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NIST Puts New Testing Device to Work on Recovered WTC Steel Shows How Steel Responds to High Stress, High Temperature

For Immediate Release: June 25, 2003

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Two researchers testing WTC steel.A new instrument at the National Institute of Standards and Technology that operates like an air-powered battering ram has been pressed into service to study steel salvaged from the World Trade Center (WTC), a key element in the agency's two-year building and fire safety investigation of the Sept. 11 disaster.

Initially planned for a project to determine the properties of materials to improve computer programs that predict how well machine tools will perform particular metal-cutting jobs, the one-of-a-kind instrument was described in a presentation June 23, during the Fifteenth Symposium on Thermophysical Properties in Boulder, Colo.

Sometimes called a Kolsky bar or a split-Hopkinson pressure bar, the peculiar-looking instrument can supply data key to understanding how steel and other materials respond to high-stress, high-temperature conditions. "With the NIST Kolsky bar apparatus, we will measure how each of the various types of steel used in the WTC buildings' structural components deform under high-impact conditions, akin to those caused by the aircraft that struck the towers," explains NIST metallurgist Richard Fields. “That data will help us model the response and behavior of the steel in the towers during the two impacts.”

The instrument is a 21st century incarnation of a 1913 innovation devised to measure how materials respond to pressure under dynamic conditions.

Starting with a customary Kolsky bar, a diverse team of NIST researchers and technicians conceived several high-tech enhancements that make the resulting instrument unique.

Key among them is a controlled means to rapidly heat sample materials, at rates of up to 50,000 degrees Celsius (90,000 degrees Fahrenheit) per second.

Another extra, a high-resolution heat-sensing microscope designed by NIST physicist Howard Yoon, measures the temperature of a 1-millimeter diameter region of the sample about every millionth of a second. And every thousandth of a second, a thermal-imaging camera records temperatures about every 5 micrometers (millionths of meter) across the surface of the sample. About 20 readings are taken over an area equivalent to the diameter of a human hair.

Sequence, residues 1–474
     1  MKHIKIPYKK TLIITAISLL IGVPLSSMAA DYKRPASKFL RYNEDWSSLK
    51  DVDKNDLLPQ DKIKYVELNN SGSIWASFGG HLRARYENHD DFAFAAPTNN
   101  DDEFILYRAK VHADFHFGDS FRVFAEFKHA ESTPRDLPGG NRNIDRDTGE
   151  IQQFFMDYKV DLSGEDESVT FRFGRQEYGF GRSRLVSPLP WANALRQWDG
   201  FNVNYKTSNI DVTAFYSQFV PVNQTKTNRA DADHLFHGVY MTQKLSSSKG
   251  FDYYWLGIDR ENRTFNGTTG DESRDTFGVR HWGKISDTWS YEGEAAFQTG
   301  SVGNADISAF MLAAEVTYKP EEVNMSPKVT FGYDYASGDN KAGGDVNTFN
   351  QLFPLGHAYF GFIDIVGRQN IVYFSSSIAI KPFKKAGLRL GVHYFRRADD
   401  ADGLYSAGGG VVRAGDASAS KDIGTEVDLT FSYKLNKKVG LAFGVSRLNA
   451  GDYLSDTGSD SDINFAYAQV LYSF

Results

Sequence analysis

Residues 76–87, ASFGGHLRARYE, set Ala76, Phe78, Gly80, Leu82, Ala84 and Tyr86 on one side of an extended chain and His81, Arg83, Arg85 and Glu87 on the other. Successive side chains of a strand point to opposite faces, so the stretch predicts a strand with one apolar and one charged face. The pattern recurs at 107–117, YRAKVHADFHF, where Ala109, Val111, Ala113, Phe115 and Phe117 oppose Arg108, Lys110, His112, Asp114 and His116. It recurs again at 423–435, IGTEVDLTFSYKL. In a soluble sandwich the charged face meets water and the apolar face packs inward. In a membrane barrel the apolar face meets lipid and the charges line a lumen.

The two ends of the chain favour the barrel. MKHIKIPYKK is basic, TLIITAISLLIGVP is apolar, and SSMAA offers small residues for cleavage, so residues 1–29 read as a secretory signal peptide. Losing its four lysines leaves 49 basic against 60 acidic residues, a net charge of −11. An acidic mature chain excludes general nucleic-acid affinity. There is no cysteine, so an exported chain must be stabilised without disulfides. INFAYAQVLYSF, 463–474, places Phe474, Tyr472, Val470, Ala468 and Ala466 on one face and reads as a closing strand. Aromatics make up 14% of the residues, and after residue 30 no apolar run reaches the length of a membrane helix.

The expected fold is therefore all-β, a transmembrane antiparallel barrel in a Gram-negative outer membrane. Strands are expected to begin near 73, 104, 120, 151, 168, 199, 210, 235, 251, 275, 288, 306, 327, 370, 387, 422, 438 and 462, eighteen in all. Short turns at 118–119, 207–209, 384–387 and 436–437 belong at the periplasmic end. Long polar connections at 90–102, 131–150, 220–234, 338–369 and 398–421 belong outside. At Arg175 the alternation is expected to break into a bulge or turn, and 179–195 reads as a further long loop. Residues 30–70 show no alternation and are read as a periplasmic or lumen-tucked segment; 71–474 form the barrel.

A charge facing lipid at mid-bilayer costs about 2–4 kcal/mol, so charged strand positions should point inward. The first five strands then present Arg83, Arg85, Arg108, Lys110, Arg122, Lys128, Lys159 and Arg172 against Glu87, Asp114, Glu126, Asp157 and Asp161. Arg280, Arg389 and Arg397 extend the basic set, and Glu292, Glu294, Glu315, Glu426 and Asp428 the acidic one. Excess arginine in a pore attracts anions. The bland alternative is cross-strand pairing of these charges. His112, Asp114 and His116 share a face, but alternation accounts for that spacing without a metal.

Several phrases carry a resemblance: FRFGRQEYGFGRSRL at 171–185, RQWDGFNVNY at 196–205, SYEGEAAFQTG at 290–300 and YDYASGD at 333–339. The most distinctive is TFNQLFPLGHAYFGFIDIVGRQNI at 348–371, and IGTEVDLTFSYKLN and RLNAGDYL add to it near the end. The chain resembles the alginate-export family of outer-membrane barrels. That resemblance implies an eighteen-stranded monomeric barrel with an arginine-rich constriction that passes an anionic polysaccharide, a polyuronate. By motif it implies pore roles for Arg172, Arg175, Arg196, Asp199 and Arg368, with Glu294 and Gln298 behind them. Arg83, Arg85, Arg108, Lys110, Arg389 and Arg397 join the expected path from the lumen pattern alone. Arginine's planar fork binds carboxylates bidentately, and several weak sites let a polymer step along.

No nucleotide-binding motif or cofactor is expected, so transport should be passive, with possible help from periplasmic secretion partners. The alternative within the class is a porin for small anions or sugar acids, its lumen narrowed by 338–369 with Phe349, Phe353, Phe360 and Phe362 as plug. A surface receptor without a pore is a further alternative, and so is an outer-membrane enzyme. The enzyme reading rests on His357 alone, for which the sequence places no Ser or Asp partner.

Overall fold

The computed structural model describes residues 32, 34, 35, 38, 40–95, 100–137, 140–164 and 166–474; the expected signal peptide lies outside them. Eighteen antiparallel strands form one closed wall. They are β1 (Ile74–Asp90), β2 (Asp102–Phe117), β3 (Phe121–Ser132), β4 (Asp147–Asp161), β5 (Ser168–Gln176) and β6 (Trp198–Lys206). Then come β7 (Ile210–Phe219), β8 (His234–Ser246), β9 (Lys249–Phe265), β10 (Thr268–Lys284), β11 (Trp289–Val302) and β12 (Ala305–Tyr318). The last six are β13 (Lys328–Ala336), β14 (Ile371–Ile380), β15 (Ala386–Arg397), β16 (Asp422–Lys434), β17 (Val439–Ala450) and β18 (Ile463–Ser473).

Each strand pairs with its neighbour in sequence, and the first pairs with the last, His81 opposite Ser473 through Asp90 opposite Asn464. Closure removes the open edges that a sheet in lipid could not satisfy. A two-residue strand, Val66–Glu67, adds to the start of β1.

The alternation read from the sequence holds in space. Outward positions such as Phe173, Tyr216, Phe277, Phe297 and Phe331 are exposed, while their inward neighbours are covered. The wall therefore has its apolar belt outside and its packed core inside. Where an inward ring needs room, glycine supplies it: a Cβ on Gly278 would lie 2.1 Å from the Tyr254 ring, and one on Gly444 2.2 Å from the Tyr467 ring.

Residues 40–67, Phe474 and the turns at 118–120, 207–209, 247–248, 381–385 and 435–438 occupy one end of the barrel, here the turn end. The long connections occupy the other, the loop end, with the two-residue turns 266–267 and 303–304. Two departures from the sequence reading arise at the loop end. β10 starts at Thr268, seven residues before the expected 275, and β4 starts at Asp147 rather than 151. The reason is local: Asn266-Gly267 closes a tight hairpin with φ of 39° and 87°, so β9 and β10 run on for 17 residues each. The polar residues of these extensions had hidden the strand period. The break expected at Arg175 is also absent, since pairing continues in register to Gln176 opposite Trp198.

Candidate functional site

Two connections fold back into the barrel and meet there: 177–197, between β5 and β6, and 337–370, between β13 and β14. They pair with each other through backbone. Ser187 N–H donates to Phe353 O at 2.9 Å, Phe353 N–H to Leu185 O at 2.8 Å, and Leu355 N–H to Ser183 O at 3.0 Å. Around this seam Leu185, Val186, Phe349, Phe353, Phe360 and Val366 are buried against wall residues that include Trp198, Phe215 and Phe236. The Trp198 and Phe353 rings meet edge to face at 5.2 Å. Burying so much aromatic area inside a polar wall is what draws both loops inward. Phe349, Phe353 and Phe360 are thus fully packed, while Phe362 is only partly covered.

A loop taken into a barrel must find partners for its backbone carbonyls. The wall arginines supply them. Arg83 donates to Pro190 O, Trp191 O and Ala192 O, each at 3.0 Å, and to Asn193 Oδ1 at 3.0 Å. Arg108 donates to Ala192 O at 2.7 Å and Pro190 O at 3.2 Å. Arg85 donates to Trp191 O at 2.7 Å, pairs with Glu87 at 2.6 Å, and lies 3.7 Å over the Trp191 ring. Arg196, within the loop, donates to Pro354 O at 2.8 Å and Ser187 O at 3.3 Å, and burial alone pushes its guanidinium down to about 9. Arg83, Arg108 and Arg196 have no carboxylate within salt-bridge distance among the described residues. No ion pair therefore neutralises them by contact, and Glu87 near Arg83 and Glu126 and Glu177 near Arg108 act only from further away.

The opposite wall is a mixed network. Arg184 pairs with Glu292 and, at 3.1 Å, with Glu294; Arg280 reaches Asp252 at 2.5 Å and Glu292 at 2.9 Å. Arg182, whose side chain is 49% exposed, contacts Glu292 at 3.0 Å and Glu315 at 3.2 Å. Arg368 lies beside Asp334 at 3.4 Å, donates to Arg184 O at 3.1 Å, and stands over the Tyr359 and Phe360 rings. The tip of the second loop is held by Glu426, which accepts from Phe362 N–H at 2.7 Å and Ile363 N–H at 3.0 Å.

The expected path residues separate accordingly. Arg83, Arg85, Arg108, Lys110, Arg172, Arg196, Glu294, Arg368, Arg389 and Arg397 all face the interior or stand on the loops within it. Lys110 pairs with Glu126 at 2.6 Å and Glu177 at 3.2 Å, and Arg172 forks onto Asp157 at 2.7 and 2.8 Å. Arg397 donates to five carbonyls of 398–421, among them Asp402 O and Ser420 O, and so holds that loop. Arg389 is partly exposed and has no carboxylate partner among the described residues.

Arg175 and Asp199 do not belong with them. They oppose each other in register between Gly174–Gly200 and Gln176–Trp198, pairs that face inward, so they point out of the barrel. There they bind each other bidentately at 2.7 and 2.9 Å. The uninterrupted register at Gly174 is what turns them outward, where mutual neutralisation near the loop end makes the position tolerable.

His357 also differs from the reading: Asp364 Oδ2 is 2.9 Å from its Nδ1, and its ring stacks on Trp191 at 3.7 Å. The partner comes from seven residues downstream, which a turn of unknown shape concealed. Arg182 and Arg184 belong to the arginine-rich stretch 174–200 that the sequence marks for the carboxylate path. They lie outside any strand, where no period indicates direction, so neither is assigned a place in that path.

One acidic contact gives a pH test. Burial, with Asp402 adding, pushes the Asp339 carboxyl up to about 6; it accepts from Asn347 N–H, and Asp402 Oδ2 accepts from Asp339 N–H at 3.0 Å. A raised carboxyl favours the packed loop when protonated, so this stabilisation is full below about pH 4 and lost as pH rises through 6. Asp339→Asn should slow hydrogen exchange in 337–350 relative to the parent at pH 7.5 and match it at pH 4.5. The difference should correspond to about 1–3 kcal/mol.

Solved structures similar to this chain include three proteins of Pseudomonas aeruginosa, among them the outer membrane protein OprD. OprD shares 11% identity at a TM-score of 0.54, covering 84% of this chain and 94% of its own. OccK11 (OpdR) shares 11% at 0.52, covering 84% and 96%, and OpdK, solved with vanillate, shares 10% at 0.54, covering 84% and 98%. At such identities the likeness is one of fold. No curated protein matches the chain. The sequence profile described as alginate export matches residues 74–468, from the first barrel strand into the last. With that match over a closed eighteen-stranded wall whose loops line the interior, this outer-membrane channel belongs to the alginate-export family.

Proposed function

During a high-impact event, much of the mechanical energy is converted into heat, which can affect how materials respond to stress. For example, when a manufactured part is milled or otherwise cut from a metal bar, the temperature in some sections of the workpiece "can increase from room temperature to 1,000 degrees Celsius (1,800 degrees Fahrenheit) in a fraction of a second," explains NIST manufacturing engineer Richard Rhorer, the project leader.

"How materials will behave under extreme conditions may not be evident from properties data gathered under normal conditions,” he adds.

The business end of this high-tech array is the Kolsky bar itself. It consists of two painstakingly machined, mounted and aligned steel bars, each measuring 1.5 meters (about 5 feet) long and 15 millimeters (0.6 inch) in diameter. Made of hardened specialty steel, the bars are arranged end to end. Disks of sample materials are sandwiched in the split between the bars.

An air gun situated just beyond the far end of the first bar propels a striker rod, which reaches speeds up to 40 meters (130 feet) per second. When the striker hits it, the bar does not move immediately. Rather, says Rhorer, the collision creates a fast-traveling disturbance called a strain wave that races down the steel bar at 5,000 meters (16,400 feet) per second—equivalent to over 11,000 miles per hour. Upon impact, this strain wave rapidly compresses the sandwiched specimen.

The sample reflects back some of the wave's energy, and some of the wave is transmitted through to the other bar. Strain gages mounted at the center of both bars capture information needed to determine how stress, strain and temperature affect the sample material’s behavior.

Such information can be crucial to efforts to model and simulate materials performance during high-impact events and, ultimately, to improve the design and performance of systems that must endure such extremes. Examples range from enhancing the crashworthiness of automotive materials to increasing the protective capacity of armor and from reducing tool wear during machining to withstanding impact loading during earthquakes.